Human rights defenders in Nicaragua subjected to criminalisation, defamation and harassment

A crackdown on protests in November 2019 has raised alarm in Nicaragua. On 14th November 2019, nine mothers of imprisoned opposition activists began a hunger strike in the San Miguel Church in Masaya, calling for the release of 130 people allegedly detained in the context of the protests. According to reports, the premises were quickly barricaded by police and pro-government groups, who cut off water and electricity. For the following days, they also prevented anyone from entering the church to deliver humanitarian aid supplies, including insulin for the priest, who suffers from diabetes.

Days later, on 18th November 2019, another group of protesters started a hunger strike in Managua’s cathedral. Dozens of government supporters then stormed the cathedral and allegedly attacked the protesters, the priest and a nun. Since then, newspapers have reported that several churches have been besieged by security forces to prevent their use for protesting. The original group of demonstrators in San Miguel Church were evacuated by the Nicaraguan Red Cross nine days after the building was barricaded.

On 18th November 2019, 16 Nicaraguan opposition activists were charged with transporting weapons – 13 of these activists were detained in Masaya when they tried to bring water and medicine to the strikers in the San Miguel Church. The charges carry a minimum sentence of five years in prison and were based on a police report saying authorities confiscated handguns, a shotgun and gasoline bombs with the activists. Nicaraguan police said that the arrested activists were also suspected of planning to carry out terrorist attacks. “We are very concerned that these apparently trumped-up charges may constitute a renewed attempt to stifle dissent,” said Rupert Colville, a spokesman in Geneva for the UN High Commissioner for Human Rights.

The following report details other incidents that have taken place between mid-August 2019 and 19th November 2019 in Nicaragua.


On 29th August 2019, lawyer and human rights defender María Oviedo was found guilty of “obstruction of functions” and subsequently sentenced to 30 days in prison. Her sentence was suspended but on 19th September 2019 she was notified of a six-month suspension from the legal profession. The criminalisation process began when the lawyer was detained for over 50 hours following a clash with a police officer at the end of June 2019. According to news reports, Oviedo had been accompanying a former political prisoner at a police station in Masaya when an altercation took place, and an officer pushed and assaulted her. The police officer claims Oviedo attacked him, slapping him across the face.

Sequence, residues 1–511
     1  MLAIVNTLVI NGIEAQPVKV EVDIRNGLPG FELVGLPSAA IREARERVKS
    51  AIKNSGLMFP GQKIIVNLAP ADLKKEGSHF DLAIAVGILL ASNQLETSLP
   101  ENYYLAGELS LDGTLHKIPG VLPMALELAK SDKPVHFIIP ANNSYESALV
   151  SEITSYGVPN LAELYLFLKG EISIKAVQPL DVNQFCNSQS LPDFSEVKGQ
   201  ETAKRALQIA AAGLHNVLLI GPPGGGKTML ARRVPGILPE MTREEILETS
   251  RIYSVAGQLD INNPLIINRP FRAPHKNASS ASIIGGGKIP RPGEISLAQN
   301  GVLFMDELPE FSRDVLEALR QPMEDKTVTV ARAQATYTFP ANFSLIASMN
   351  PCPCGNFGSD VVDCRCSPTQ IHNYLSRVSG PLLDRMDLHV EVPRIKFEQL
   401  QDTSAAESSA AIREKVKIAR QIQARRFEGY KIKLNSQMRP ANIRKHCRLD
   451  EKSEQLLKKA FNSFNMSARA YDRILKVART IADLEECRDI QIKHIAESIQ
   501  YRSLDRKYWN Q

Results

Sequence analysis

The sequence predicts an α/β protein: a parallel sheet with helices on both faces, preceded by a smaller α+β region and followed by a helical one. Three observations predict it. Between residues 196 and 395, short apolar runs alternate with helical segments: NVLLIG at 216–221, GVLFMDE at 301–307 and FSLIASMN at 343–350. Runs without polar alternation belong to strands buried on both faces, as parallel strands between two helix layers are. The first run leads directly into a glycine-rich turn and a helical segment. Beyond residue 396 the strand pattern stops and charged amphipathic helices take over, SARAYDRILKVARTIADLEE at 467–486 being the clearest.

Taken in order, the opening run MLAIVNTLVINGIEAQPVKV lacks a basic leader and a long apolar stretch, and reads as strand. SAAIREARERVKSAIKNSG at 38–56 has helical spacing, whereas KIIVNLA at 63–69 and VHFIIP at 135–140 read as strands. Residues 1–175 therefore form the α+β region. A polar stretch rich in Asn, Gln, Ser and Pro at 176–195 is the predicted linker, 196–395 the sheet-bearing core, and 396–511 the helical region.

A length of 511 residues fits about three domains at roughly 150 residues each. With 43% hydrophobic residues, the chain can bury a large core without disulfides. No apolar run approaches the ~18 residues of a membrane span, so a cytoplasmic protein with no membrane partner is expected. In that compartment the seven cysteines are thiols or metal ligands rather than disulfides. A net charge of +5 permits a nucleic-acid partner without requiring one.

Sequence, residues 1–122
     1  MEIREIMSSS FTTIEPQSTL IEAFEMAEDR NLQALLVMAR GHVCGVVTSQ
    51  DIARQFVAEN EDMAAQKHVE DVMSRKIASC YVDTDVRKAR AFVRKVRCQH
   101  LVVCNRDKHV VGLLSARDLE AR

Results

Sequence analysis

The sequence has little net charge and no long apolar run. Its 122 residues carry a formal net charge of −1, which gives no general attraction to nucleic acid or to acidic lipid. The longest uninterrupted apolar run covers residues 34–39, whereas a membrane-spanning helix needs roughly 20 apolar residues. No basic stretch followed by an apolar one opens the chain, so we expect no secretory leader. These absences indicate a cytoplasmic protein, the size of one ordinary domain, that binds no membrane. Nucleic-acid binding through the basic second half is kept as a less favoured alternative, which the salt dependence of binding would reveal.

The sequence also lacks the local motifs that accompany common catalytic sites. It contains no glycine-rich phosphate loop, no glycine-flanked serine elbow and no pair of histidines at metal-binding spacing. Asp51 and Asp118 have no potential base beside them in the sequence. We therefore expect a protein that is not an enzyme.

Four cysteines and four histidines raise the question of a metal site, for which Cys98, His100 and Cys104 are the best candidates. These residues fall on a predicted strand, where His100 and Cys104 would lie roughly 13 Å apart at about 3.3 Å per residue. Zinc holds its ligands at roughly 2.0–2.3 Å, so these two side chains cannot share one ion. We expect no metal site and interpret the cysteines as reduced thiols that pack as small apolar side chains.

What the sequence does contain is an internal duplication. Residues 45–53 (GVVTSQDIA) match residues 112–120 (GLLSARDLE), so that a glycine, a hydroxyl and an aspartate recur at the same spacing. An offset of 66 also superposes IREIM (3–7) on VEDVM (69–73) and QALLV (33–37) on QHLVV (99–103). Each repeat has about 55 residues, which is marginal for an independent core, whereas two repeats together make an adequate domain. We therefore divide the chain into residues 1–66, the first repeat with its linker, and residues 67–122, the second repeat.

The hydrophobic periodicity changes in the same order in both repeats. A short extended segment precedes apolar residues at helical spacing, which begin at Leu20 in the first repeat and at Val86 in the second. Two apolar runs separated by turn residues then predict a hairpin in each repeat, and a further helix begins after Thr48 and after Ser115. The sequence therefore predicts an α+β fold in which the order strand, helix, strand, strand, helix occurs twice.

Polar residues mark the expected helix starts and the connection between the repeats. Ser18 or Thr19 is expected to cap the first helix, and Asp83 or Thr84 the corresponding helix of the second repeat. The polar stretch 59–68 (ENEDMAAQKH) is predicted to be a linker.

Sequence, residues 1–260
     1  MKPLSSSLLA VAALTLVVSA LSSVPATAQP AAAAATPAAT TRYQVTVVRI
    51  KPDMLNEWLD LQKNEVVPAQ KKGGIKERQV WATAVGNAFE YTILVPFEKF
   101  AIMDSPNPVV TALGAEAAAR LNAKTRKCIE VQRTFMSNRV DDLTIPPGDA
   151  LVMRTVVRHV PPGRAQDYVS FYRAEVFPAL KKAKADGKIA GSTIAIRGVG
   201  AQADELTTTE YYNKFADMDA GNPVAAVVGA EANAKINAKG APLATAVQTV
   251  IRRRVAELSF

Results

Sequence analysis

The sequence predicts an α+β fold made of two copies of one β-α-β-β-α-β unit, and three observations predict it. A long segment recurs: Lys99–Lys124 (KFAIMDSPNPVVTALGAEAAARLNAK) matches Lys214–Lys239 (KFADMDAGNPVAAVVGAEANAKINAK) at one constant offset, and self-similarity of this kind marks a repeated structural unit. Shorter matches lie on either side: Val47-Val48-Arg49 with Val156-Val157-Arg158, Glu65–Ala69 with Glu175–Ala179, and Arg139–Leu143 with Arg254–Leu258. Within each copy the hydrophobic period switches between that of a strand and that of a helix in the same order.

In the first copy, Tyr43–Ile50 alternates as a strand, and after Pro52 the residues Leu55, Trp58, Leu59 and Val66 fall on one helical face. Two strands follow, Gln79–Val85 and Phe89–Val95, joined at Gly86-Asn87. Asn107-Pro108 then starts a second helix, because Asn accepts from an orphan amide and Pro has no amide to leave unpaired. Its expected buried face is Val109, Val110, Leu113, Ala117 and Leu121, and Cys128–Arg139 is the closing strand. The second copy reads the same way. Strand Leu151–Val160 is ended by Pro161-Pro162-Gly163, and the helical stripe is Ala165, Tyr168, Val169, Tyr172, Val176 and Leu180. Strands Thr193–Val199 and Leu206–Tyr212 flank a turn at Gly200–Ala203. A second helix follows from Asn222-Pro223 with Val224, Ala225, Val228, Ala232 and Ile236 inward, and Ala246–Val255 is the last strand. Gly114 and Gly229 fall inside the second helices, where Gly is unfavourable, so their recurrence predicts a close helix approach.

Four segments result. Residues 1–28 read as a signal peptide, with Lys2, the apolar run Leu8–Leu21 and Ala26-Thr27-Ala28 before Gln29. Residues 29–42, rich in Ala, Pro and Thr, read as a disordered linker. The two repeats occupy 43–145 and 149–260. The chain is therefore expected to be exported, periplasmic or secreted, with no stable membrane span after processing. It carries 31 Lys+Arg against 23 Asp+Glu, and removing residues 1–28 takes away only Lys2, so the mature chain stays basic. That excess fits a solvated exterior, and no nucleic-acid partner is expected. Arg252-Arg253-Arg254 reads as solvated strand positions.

Maribel del Socorro Rodríguez, a former political prisoner, denounced that she and her family have been subjected to repeated harassment in Managua and Masaya. Rodriguez was detained in December 2018 for participating in anti-government protests in Masaya. She was released in April 2019 but, since then, the attacks and the persecution against her and her family have not ceased. On 22nd September 2019, her husband was allegedly arbitrarily detained and later released in the middle of a highway. On the 26th September 2019, she received a judicial citation to present herself at the local police station and, according to women defenders CSO IM-Defensoras, her car was followed as she left the station and both her house and that of her husband’s family remain under siege.

International organisations report on Nicaragua

On 28th October 2019, the Office of the United Nations High Commissioner for Human Rights (OHCHR) released its bulletin on Nicaragua covering the August-September 2019 period, which raised concern about the continuous harassment of human rights defenders. According to the brief, human rights defenders released from prison under the Amnesty Law were often subjected to harassment and persecution, particularly those with a leading role in opposition groups and protests. Their lawyers have also been targeted at times. On20th September 2019, during the considerations on the outcome of the Universal PeriodicReview of Nicaragua, the state accepted 135 recommendations, rejected 24 and considered that 100 recommendations “did not apply due to lack of grounds and distortion of reality”.